Maybe you’ve heard of Hoyt Wilhelm. If not, we’ve got your back. And even if you have, maybe you don’t know his story, one which does not follow the beaten path from his first plate appearance to his final season.
James Hoyt Wilhelm was a knuckleball pitcher who came to the big leagues in 1952 at the age of 29. Wilhelm started messing with a knuckler in high school, and stuck to it because he could not throw hard enough to make the big leagues. The strategy worked. In his rookie season with the New York Giants, when manager Leo Durocher decided he was best suited for the bullpen, Wilhelm pitched to a 15-3 record out of ‘pen. He led the league in ERA that season and finished 2nd in Rookie of the Year voting.
Later in his career, he was traded from the Cleveland Indians to the Baltimore Orioles mid-season. In Baltimore, Wilhelm was given a chance to start again. In September of 1958, in just his third start with the O’s, he no-hit a Yankees lineup that included Bobby Richardson, Elston Howard, and Mickey Mantle. Wilhelm would eventually move back to the bullpen.
Because his knuckleball put less strain on his arm, Hoyt Wilhelm — nicknamed Old Sarge — just kept pitching long after other hurlers would have to call it quits. In 1965, at 42 years of age, he threw 144 innings with an ERA of 1.81, saving 21 games for the White Sox. With Chicago, he put together an especially impressive stretch of five consecutive seasons in which he pitched to an ERA under 2.00.
When it was time to hang ’em up, Hoyt had played for nine different teams. He finally walked away from the game after the 1972 season with the Los Angeles Dodgers when he pitched 25.1 innings at the age of 49 years young.
The knuckler finished his long career with a stellar 2.52 ERA, 143 Wins, and an impressive 228 saves. And in 1985, James Hoyt Wilhelm made history when he became the first reliever ever to get the call to Cooperstown.
As if these facts about the man weren’t fun enough, here are two more that make hist story especially intriguing. First, the Hall of Famer served his country in World War II, where an artillery blast placed a piece of metal shrapnel in his back. The metal never left his body, and he pitched his entire career with it still lodged in his back. He also received a Purple Heart in his service.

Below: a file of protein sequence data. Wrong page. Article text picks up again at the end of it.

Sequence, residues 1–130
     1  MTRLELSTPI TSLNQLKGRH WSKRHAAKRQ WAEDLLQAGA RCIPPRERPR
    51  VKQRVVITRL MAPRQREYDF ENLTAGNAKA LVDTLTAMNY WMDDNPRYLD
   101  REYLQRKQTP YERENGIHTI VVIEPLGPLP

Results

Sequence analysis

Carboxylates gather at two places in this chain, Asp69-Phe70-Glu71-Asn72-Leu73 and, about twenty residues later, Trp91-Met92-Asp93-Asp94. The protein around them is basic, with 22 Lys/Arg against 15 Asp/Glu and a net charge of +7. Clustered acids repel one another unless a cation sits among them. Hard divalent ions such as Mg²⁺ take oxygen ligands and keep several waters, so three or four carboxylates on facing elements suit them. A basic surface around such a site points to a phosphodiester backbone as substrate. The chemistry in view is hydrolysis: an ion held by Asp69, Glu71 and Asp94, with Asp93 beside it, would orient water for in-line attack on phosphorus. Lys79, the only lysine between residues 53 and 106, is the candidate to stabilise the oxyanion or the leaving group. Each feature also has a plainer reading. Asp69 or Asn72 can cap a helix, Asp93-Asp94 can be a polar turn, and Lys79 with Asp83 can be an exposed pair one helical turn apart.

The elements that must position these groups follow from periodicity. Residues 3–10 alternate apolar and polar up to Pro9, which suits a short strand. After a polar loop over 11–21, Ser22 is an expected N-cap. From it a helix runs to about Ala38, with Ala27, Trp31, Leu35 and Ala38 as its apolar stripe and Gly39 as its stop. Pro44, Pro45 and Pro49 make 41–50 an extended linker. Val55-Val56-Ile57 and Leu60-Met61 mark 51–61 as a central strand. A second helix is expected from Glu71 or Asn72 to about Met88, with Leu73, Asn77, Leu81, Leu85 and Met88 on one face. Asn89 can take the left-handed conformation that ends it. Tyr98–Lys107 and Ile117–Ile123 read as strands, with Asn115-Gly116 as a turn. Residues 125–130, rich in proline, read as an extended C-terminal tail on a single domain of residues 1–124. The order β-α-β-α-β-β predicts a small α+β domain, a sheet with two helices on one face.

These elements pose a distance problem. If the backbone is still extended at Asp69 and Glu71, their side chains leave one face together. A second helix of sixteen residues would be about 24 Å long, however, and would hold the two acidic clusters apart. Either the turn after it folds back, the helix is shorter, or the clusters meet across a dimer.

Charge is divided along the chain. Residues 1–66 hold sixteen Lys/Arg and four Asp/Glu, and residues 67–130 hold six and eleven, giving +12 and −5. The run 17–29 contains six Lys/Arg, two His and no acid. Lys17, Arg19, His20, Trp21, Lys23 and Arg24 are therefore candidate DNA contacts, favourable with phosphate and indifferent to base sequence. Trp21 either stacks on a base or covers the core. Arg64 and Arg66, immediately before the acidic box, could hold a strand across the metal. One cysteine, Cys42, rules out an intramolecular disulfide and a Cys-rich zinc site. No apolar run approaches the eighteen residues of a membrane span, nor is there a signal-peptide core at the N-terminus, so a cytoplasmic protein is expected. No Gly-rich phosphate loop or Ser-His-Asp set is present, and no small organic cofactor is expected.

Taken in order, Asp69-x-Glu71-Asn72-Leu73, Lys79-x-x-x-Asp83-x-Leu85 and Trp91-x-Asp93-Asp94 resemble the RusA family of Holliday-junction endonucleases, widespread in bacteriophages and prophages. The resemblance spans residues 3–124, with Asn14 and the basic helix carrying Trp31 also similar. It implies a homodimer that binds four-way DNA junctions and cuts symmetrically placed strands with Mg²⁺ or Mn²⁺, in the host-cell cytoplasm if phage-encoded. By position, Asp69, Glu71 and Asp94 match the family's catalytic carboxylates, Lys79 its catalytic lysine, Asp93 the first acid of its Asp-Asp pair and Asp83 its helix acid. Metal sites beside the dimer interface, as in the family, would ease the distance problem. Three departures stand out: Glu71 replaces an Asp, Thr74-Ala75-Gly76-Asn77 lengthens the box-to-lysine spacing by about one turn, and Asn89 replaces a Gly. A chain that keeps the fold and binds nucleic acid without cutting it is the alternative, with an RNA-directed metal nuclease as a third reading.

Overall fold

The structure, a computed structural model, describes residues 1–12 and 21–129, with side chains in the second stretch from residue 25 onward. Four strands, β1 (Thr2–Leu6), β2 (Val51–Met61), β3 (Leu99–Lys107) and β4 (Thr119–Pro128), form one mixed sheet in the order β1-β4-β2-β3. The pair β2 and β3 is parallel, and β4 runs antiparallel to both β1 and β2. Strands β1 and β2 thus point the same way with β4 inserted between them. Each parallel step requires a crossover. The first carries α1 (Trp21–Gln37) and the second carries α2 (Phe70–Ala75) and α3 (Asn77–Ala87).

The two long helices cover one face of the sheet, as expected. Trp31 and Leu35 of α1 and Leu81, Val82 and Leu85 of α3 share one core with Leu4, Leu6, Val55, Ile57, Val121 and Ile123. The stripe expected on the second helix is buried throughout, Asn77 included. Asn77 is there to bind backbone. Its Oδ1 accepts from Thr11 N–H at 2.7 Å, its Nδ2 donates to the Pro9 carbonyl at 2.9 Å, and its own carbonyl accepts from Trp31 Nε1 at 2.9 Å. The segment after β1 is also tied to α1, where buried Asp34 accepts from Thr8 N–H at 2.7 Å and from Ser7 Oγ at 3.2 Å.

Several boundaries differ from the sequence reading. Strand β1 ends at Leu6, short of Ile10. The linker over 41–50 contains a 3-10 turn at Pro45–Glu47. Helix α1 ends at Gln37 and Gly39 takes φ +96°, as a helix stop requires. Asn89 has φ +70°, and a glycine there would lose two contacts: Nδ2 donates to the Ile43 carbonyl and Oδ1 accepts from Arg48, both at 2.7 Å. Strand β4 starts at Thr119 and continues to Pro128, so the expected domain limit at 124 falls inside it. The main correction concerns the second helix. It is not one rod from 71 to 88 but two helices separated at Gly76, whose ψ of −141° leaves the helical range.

You can take all this about Wilhelm and be impressed. But there’s still one fact left that just boggles the mind. It’s not about his Hall of Fame pitching numbers. It’s not about his historic career as a reliever, or his no-hitter, or his dancing, darting knuckleball. It’s also not about his heroic service to his country or the piece of metal in his back that he pitched with.
No. Let’s talk about Hoyt Wilhelm’s hitting for one moment.
Surely, it can’t be that impressive, right? Absolutely not. He batted a paltry .088 and got on base 13.9% of his plate appearances. He knocked in 21 runs and slugged a fabulous .106.
But get this.
29-year-old Hoyt Wilhelm stepped to the plate against the Boston Braves’ Dick Hoover in the 4th inning of a game on April 23, 1952. It was Wilhelm’s first plate appearance in the big leagues.
On the first pitch he ever saw in the Major Leagues, Wilhelm homered.
A 29-year-old rookie pitcher homered on his first pitch in the box. But here’s the best part. Wilhelm never homered again. He used up all his power in that first pitch. He did hit a triple, and doubled three times in 493 career plate appearances.
The story of Hoyt Wilhelm has many fascinating turns, but none more odd than his first at-bat homer as the only one of his career.
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